Robere Mertens is a creative crochet artist who uniquely blends this yarn-based art with other areas of art. Sure, he is familiar with other yarn-based arts and needlecrafts. But his work is more than that – he blends crochet with sound appropriation and composition in unique installations that make big statements. His work is worth checking out.

More about Crochet Artist Robere Mertens

crochet sound art

Robere Mertens is a Chicago-based crochet artist who has spent time living in Eugene, Oregon as well. His FashioningTech profile explains that he also does knitting, macrame, embroidery, quilting, felting and shibori. He also does instrument construction and makes DIE radios. He has a BFA with a concentration in sound and is getting an MFA in Fibers.

Brief Description of Mertens’ Crochet Work

Robere Mertens does abstract large-scale crochet work that combines different mediums to send a message. For example, Flavorwire reported on his crochet project titled Going Green. In this outdoor installation, Mertens created crochet nets (shown in the image above) “as a way to track movement and sound, crocheting in different directions based on different audio cues”.

Excerpt from Mertens’ Artist Statement

crochet wiring art

When I learned how to crochet from my grandmother, I recognized the similarities between sonic and craft based terminology and I began to create performances based on minute sounds created by craft techniques. These performance installations evolved into workshops focused on oral and physical modes of education. The installations also incorporate a sense of improvisation; there are no preplanned patterns involved in the construction. Furthermore, within these installations I am amplifying existing structures as a pedagogical way of conveying information or revealing hidden truths behind the materials form. I do this sometimes through sound, and sometimes audience participation. I insert craft-based, process-oriented materials into a space to reveal the subtle nuances of a skill set or address ecological subjects with an abstracted domestic modus operandi. I am interested in hyper- amplifying overlooked aspects of darning and re-appropriating practical domestic objects while addressing the specificity of environment. “Going Green”was a site-specific yarn installation on a train car created for the show “Art on Track”. Throughout the duration of the one night exhibit, the yarn installation continued to grow due to others and myself actively crocheting onto the piece. The piece resembled an artificial over growth of vegetation juxtaposed with the non-organic steel and glass of the train. The installation then moved to a gallery exhibit in the Flat Iron building and continued to grow through the same process.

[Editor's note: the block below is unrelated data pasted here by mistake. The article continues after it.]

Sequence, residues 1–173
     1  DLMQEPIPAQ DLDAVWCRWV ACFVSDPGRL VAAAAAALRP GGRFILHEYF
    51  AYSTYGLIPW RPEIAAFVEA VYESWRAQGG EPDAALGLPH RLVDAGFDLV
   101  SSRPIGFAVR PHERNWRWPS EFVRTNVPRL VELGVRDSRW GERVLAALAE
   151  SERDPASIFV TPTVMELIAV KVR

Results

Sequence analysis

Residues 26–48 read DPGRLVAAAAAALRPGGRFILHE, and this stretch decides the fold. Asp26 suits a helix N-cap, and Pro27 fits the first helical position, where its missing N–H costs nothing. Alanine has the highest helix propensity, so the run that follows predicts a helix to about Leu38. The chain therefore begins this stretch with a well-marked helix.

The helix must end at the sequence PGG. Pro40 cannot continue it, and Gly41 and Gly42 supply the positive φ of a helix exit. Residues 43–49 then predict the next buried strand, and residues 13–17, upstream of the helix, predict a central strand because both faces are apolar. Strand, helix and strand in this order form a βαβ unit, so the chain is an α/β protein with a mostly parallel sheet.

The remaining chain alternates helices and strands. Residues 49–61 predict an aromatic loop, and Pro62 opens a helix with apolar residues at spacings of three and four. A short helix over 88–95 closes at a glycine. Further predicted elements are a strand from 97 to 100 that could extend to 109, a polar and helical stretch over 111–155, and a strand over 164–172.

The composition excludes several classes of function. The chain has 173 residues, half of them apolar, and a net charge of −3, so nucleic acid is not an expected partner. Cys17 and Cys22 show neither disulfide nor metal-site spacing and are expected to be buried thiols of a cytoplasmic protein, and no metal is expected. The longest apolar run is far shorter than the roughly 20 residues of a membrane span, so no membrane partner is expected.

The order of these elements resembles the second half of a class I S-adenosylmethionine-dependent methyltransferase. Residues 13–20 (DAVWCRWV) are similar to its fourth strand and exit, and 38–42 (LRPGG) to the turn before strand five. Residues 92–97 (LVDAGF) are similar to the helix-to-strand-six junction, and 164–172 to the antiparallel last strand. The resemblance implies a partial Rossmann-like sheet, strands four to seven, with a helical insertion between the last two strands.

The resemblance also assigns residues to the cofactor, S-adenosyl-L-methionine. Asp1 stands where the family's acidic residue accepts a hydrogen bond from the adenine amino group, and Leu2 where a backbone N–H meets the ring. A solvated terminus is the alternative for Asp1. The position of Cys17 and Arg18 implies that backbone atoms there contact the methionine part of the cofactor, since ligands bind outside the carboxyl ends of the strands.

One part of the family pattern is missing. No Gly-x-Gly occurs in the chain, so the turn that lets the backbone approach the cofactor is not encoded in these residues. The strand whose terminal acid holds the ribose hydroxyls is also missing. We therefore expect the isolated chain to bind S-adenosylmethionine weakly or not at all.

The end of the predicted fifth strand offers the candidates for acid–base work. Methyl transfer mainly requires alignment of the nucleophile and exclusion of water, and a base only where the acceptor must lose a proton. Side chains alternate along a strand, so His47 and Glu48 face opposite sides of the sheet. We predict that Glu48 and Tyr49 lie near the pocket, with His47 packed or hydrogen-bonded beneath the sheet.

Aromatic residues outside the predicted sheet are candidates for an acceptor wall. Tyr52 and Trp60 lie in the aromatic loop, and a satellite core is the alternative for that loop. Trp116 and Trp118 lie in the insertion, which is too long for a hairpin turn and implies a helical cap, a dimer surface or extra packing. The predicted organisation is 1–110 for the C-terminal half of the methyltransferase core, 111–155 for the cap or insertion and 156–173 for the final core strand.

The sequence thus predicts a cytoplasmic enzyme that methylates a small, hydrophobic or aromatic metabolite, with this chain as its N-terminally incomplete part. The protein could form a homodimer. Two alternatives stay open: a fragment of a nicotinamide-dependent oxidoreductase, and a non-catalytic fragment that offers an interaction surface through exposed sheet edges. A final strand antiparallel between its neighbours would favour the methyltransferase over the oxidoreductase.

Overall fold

Examples of the Crochet Artist’s Work

In addition to the Going Green Installation, some examples of Mertens’ crochet work include:

  • Security Blanket. A knitted / crocheted blanket placed on an Irish mountainside to help protect the stones that are important to the local community members. Mertens did not just make a blanket. He made sure to use Irish knitting / crochet techniques relevant to the area. He also developed the pattern of the blanket based on the natural rock formations of the area where it was to be placed. Image:

  • Parasite #1. I couldn’t find a lot of details about this one (other than that it’s called Facehugger Alien) but I have an image:

  • Eavesdropping Web. The artist describes the project on his site as an installation that “consists of a crocheted yarn canopy secured to railings around a student lounge stairwell”. Basically there are microphones on the canopy that hang down, picking up conversations and broadcasting them on Internet radio. Hence, the eavesdropping.

Question for Readers

Do you know of any other readers who are exploring the relationship between sound and crochet?


San Francisco based and crochet-obsessed writer, dreamer and creative spirit!


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